NEWARK, Del. — A bill that would allow Delaware grocers to pay a one-time alcohol licensing fee of $100,000 per store and gain the right to sell beer and wine was introduced here last week.
The measure could result in $10 million in revenue for the state that currently prohibits alcohol sales at grocery, according to reports. It would be funded, in part, by a $5,000 renewal fee, due every other year.
A similar measure that would have allowed for wine sales by New York grocers was dropped from Gov. David Patterson’s budget proposal for unspecified reasons, earlier this year. But a bill introduced last month by New York Assemblyman Joseph Morelle, D-Rochester, is giving food retailers in the state new hope. It could create $130 million in revenue.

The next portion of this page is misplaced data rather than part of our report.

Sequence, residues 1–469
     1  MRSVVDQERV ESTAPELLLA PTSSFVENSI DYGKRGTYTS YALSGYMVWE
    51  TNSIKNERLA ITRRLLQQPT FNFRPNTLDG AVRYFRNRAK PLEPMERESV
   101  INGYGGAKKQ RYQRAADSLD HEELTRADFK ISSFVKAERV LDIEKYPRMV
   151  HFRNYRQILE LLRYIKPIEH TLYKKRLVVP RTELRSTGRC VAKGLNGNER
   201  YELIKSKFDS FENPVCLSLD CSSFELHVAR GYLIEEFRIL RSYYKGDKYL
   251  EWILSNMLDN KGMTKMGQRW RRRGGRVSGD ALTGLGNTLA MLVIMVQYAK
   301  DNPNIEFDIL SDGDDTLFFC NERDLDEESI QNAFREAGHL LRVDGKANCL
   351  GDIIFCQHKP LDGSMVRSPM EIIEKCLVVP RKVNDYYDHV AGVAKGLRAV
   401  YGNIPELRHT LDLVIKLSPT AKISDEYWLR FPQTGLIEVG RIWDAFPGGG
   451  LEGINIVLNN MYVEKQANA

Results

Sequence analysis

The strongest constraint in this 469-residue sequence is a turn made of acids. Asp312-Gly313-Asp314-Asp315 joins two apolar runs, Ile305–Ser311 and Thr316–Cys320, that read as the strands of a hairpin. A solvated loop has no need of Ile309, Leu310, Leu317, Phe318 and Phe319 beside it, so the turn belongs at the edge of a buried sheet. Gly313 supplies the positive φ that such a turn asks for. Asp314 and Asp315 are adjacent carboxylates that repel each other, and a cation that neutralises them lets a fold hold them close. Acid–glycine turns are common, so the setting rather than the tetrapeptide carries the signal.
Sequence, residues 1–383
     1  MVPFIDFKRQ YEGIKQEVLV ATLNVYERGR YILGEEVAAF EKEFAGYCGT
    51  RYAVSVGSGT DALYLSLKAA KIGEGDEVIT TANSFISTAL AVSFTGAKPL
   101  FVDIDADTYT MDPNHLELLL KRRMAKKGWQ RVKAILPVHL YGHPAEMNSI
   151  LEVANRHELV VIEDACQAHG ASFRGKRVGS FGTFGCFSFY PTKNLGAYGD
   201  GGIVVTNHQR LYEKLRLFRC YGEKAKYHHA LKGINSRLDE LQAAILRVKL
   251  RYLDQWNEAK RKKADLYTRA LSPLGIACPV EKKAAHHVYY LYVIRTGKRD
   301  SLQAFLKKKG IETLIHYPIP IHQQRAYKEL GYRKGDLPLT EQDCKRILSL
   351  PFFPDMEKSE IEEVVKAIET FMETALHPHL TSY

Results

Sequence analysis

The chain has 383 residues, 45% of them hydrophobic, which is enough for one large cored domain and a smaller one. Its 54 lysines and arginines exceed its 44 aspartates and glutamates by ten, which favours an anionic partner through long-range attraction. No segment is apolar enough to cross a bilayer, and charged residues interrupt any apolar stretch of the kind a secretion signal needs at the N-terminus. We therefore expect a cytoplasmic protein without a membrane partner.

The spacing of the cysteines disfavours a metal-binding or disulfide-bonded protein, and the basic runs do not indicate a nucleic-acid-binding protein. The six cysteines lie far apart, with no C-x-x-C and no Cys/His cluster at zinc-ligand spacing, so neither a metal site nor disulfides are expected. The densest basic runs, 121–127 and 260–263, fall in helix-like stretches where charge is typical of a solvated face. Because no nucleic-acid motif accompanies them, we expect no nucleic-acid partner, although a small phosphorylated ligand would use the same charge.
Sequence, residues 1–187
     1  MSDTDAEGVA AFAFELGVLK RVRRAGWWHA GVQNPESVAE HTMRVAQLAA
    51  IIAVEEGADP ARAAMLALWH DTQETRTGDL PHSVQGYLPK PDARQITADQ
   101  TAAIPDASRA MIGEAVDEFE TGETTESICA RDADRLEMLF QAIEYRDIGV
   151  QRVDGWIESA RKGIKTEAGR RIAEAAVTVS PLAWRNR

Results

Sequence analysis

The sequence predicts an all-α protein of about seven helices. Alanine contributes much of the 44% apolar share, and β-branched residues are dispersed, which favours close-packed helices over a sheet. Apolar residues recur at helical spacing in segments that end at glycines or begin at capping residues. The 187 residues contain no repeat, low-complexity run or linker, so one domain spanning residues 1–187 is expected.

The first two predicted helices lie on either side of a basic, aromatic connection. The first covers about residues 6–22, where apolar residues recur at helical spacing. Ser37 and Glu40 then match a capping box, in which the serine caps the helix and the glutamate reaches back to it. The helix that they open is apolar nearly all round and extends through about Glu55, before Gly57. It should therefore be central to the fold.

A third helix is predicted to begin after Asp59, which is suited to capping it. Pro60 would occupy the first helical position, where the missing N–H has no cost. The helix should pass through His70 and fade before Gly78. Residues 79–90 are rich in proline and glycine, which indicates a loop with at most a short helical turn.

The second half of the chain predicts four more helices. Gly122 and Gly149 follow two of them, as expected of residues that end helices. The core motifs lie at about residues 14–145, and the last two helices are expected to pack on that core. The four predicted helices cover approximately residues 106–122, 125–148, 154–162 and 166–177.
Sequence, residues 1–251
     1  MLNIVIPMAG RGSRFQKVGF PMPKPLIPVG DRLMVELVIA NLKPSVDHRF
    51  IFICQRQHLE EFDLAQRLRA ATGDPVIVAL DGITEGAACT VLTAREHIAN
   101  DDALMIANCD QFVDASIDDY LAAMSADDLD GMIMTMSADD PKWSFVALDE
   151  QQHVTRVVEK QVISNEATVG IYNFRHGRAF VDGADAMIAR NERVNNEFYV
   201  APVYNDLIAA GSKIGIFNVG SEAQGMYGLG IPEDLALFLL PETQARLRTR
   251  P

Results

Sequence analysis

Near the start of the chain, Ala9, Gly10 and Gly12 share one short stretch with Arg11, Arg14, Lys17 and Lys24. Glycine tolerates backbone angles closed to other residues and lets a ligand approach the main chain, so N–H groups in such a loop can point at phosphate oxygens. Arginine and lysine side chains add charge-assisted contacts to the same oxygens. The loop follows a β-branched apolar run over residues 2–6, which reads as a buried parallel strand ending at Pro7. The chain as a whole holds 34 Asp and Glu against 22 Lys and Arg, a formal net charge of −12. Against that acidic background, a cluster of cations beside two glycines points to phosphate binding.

“Revenues coming into the state are not as strong as what was budgeted for,” Jim Rogers, president of the Food Industry Alliance of New York, told SN. “The governor is still very interested in the proposal.”
Rogers is hopeful the measure will become part of a budget deficit bill that would also benefit liquor stores, by allowing for cooperative buying and the sale of complementary items like food. It would also allow current liquor store owners to own more than one store.
Similar legislation is being considered in New Jersey. It would permit more retail food stores to enter the beer and wine business.
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